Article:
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Twins Radio Announcer Cory Provus Was Visiting Family in Highland Park at Time of Mass Shooting

“That will hit me pretty hard. Once the game starts, the amazing thing about this sport is it does bring people together,” Provus said.

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Cory Provus

Cory Provus was having breakfast with his parents in his hometown of Highland Park, Illinois when the parade shooting happened.

Provus, who was in town to call the Twins/White Sox for Minnesota radio, had taken the time to visit with his parents. They live in Highland Park which is about thirty miles north of Guaranteed Rate Field.

It was there that Provus got a phone call from his brother saying there was an active shooter a mile and a half away at the town’s Fourth of July parade downtown.

Provus told his story to KARE 11 in Minneapolis.

“He said there was a live shooter at the Fourth of July parade downtown. And I said, ‘what?‘” Provus recalled. “Within minutes, we could hear sirens and helicopters.”

Provus had family at the parade. His sister-in-law’s mother attended but reported herself safe.

“My parents would bring me in my stroller and we’d sit there with the music and the floats and the food, and it was what July 4th was all about,” Provus said recalled of his history with the event. “It was about family and celebrating, and today it turned into tragedy. It really is sad what took place.” 

The game between the Twins and the White Sox did go on as planned. The White Sox took time to hold a moment of silence before the game.

“That will hit me pretty hard. Once the game starts, the amazing thing about this sport is it does bring people together,” Provus said. “Once we get through the moment of silence, through the national anthem, and the first pitch is thrown by Johnny Cueto and hopefully Luis Arráez hits a double down the right field line, then that sadness I think will turn into a smile, for just about three hours. Real life will be on pause and we’ll watch a baseball game and hopefully the Twins prevail tonight.”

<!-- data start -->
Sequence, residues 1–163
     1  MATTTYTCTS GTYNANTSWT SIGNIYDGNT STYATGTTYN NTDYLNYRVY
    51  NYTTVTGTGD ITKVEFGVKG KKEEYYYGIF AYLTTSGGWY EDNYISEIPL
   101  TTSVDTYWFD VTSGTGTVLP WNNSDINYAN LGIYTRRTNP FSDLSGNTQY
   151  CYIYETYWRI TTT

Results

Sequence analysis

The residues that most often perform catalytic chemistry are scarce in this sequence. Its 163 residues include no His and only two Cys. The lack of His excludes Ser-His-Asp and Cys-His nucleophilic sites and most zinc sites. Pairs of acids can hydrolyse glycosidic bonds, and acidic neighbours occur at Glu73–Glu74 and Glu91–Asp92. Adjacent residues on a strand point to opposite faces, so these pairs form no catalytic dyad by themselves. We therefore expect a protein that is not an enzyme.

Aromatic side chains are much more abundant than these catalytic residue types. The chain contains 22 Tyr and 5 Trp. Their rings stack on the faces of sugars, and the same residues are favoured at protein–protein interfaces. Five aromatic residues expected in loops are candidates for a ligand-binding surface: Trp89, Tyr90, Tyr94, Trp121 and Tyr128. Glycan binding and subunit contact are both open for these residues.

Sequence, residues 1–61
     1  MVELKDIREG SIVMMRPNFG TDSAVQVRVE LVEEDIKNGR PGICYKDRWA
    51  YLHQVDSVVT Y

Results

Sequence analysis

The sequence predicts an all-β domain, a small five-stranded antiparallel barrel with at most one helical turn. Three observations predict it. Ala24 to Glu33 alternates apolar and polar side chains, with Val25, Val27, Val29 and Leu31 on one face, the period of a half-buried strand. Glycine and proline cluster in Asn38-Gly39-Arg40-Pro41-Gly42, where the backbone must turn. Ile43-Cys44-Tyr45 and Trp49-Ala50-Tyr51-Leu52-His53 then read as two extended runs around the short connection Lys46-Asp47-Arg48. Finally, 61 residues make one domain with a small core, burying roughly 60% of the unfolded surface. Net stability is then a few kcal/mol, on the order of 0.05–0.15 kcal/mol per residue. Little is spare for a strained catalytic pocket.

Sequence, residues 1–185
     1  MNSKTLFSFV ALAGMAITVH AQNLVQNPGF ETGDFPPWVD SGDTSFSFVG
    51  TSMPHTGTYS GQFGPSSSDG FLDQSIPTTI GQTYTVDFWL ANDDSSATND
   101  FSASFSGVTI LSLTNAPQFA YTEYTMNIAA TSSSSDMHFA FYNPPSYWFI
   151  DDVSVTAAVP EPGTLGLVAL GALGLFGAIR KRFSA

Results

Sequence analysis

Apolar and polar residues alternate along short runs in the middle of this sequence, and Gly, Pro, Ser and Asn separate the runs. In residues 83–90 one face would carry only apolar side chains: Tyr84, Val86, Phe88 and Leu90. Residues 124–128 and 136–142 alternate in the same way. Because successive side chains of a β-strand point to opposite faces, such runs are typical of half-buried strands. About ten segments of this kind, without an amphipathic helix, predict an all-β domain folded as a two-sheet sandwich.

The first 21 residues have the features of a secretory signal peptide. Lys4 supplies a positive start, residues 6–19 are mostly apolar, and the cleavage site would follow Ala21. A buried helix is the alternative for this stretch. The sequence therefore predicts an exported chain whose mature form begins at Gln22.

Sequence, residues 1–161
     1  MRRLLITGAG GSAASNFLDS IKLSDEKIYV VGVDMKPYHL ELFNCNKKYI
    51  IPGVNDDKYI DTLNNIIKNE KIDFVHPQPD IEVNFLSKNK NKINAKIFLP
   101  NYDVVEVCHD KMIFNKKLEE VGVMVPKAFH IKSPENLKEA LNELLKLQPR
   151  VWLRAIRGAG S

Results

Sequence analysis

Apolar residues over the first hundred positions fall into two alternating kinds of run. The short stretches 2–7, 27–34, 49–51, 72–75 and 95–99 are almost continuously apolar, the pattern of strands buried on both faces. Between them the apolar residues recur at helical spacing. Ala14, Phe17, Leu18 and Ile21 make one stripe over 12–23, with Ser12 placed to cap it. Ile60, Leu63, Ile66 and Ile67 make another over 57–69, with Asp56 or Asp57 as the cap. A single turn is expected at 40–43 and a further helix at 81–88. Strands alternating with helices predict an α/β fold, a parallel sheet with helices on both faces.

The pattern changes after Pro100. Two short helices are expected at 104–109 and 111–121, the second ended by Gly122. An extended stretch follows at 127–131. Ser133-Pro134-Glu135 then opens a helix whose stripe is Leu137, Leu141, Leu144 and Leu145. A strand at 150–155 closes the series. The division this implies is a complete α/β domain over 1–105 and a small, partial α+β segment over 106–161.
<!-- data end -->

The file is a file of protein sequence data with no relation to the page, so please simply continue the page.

But his hometown of Highland Park will never be far from his mind.

“Am I taken aback that I can’t believe that this happened in downtown Highland Park? No. Because that’s our world today. With the gun laws that we have in our country, they’re going to keep happening. That, to me, is a problem, and those are my feelings on it,” Provus said. “I know people watching it right now probably will disagree, and if so, you’re entitled to your beliefs, I’m entitled to mine. But to say, ‘I can’t believe this happened in Highland Park, Illinois,’ I think is just flat-out naïve.”

Jason Barrett Podcast

Jason Barrett Podcast: Jeff Smulyan, Never Ride a Roller Coaster Upside Down

Jason Barrett

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There would be no sports radio if not for Jeff Smulyan. He takes JB through the triumphs and disappointments of his career and explains why he is sharing so many stories in a new book, Never Ride a Roller Coaster Upside Down. To pick up your copy, click here.

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Zolak & Bertrand: Kirk Herbstreit’s Comments A Wake Up Call For Patriots Fans

“Next time you feel like they shouldn’t be booing them, there’s someone from a national perspective – who has been calling games now in the NFL for at least all of this year – but is very familiar with the league and all the different cities and he’s been in college environments for a decade plus, and said their fans aren’t angry enough.”

Jordan Bondurant

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Zolak and Bertrand

Things appeared to come to a head for the New England Patriots and their fans last week as the team fell to the Buffalo Bills 24-10.

Many fans of the Patriots with the loss seem to have accepted the fact that the glory days of the franchise are officially over. Thursday Night Football analyst Kirk Herbstreit even noted that it was off-putting that fans near his broadcast vantage point were fine with the Pats coming out on the losing end.